History of Derry before Partition
There used to be an oak grove on an islet in the middle of the river Foyle which was sacred to the Celts . Over time the river channel dried out giving rise to the modern day area: the Bogside. In the sixth century, St. Colmcille is thought to have founded a monastery here.
The Vikings were the first tourists in the area but the monastery at Derry survived. In the 12th and 13th century, under the MacLochlainn family, Derry prospered. The following centuries were ones of decline for the town.
The power of the O'Donnells of Donegal held sway here.
Derry was catapulted back into historical significance when Queen of England, Elizabeth I captured it during the war with the Hugh O'Neill. In 1603 it was granted city status by Elizabeth but was captured in turn by O'Doherty.
Following the flight of the Earls from Ireland, the King of England and Scotland James I, set about the plantation of Ulster with loyal Protestant folk. Tradesmen from London belonging to various guilds came to Derry. In their honour the city was renamed Londonderry. City Walls and earthen ramparts were erected to protect against the Gaelic Chieftains. Any non-Protestant people were not allowed to reside inside the city walls but instead in the boggy terrain just outside. Present day demographics reflect this devide.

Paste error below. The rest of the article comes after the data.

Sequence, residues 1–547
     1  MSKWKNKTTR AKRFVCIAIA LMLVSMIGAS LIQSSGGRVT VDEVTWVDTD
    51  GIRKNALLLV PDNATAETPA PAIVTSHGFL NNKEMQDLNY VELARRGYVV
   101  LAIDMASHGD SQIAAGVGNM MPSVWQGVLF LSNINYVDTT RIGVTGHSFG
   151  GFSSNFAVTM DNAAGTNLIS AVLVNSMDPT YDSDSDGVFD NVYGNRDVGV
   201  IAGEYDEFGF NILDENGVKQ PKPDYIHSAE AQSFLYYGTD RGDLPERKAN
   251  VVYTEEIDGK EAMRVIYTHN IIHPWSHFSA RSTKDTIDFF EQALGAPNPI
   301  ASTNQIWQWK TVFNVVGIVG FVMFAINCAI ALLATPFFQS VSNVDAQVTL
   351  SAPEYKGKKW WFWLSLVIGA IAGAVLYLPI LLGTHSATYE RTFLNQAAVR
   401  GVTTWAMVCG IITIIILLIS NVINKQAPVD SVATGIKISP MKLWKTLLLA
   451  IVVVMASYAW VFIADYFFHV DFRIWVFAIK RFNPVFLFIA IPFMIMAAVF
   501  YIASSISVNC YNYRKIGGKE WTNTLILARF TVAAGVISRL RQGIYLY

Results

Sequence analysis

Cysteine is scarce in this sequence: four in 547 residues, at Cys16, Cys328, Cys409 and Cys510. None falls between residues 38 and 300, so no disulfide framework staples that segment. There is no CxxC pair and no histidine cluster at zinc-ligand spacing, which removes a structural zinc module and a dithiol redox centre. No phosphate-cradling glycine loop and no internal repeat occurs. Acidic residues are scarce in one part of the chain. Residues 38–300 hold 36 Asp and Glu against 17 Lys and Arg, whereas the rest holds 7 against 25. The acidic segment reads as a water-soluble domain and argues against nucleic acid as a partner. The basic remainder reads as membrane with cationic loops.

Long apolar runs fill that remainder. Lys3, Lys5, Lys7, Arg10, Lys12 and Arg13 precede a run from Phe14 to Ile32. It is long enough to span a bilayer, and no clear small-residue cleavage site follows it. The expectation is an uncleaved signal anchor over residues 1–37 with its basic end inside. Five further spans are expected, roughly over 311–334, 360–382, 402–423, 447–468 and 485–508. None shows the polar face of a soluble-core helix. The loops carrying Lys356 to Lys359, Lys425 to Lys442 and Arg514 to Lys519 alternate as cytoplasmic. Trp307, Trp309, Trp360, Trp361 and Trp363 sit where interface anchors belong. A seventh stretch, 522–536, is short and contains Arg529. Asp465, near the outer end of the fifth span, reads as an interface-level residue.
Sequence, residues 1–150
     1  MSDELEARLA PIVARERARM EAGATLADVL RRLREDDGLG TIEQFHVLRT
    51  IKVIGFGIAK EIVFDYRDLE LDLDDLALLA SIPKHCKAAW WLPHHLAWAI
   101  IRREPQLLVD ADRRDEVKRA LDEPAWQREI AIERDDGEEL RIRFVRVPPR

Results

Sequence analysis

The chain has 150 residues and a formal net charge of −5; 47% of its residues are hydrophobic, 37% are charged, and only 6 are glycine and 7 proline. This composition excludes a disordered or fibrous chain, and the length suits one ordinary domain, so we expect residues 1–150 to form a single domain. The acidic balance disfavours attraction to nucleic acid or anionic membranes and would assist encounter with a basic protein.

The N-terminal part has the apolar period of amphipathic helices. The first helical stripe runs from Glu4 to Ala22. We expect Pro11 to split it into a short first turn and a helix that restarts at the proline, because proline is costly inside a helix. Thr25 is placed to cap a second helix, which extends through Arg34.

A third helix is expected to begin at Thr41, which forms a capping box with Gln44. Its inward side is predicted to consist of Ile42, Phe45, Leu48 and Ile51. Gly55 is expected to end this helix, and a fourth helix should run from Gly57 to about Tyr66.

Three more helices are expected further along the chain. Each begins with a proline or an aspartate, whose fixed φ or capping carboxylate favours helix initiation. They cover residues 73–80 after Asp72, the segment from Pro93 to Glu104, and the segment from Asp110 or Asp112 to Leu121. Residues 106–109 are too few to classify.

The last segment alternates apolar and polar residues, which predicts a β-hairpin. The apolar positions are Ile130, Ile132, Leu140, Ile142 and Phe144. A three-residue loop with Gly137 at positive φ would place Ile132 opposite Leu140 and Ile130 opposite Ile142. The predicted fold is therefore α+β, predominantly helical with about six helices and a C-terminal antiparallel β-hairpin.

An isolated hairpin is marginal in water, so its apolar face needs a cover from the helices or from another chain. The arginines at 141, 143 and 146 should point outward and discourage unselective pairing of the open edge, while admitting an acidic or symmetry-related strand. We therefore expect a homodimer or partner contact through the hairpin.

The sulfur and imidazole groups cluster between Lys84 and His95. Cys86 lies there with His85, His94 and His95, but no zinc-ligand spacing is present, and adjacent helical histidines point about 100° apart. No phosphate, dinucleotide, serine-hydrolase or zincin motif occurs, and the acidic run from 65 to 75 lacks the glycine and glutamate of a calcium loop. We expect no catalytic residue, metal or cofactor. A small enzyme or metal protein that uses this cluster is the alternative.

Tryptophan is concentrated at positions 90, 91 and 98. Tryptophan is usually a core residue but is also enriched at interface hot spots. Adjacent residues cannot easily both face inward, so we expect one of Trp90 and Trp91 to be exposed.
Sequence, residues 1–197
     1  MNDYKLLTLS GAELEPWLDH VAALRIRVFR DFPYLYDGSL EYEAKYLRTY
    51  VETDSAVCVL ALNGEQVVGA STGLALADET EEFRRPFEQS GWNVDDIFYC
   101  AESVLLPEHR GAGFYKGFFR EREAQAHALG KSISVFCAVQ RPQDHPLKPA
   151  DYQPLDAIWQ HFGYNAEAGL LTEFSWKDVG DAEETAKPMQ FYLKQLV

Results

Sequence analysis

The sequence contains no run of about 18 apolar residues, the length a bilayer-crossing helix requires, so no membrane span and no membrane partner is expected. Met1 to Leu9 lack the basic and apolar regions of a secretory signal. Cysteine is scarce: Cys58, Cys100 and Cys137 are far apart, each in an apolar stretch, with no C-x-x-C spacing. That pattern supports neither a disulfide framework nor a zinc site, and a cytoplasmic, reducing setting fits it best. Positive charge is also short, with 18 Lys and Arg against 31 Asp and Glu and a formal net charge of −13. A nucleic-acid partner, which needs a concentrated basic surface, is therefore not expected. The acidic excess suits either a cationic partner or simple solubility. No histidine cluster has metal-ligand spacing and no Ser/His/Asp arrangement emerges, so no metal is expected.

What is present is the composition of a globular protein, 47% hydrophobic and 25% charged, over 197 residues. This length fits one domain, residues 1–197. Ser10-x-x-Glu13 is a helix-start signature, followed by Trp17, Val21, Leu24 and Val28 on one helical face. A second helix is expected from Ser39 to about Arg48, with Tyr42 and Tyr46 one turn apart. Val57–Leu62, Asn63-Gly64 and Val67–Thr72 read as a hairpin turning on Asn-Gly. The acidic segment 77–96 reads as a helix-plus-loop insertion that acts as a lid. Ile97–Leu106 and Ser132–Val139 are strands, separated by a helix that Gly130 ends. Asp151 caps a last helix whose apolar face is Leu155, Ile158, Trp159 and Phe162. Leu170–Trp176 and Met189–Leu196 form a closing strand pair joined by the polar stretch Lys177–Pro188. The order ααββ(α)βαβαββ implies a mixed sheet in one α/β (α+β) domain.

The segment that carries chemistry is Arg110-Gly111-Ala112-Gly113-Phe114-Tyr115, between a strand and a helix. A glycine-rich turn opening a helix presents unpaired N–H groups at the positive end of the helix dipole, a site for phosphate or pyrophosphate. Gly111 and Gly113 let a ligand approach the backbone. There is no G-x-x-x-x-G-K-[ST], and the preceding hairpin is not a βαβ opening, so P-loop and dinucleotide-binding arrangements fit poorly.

A Cathedral was built in 1633.
During the English civil war, Derry sided
with Cromwell's republican parliment and was besieged by Royalist forces. At this time the citizens of Derry numbered some 2000.
Derry was besieged again when the deposed Catholic King James II attacked the Protestant people within. The Apprentice Boys are alleged to have closed the city gates on the forces of King James. Both the besiegers and the besieged suffered terribly over the following 105 days. Then a ship sent by the newly crowned Protestant King William II broke through the port barricade and relieved the Protestants within. This, together with the Battle of the Boyne, were decisive victories for the Protestant Planters of Ulster.
Every year the Apprentice Boys march along the walls of the city in celebration of their role in the siege of Derry. This event is often seen as a provocative taunt to the Catholics of the Bogside.
The philosopher George Berkeley was Dean of Derry. During the industrial revolution, Derry was known for the production of linen (shirts and collars specifically).
Following the devision of Ireland into the Irish Free State and the six counties of Northern Ireland, Derry was included with the latter despite having a majority of Catholics with no love of Unionist hegemony.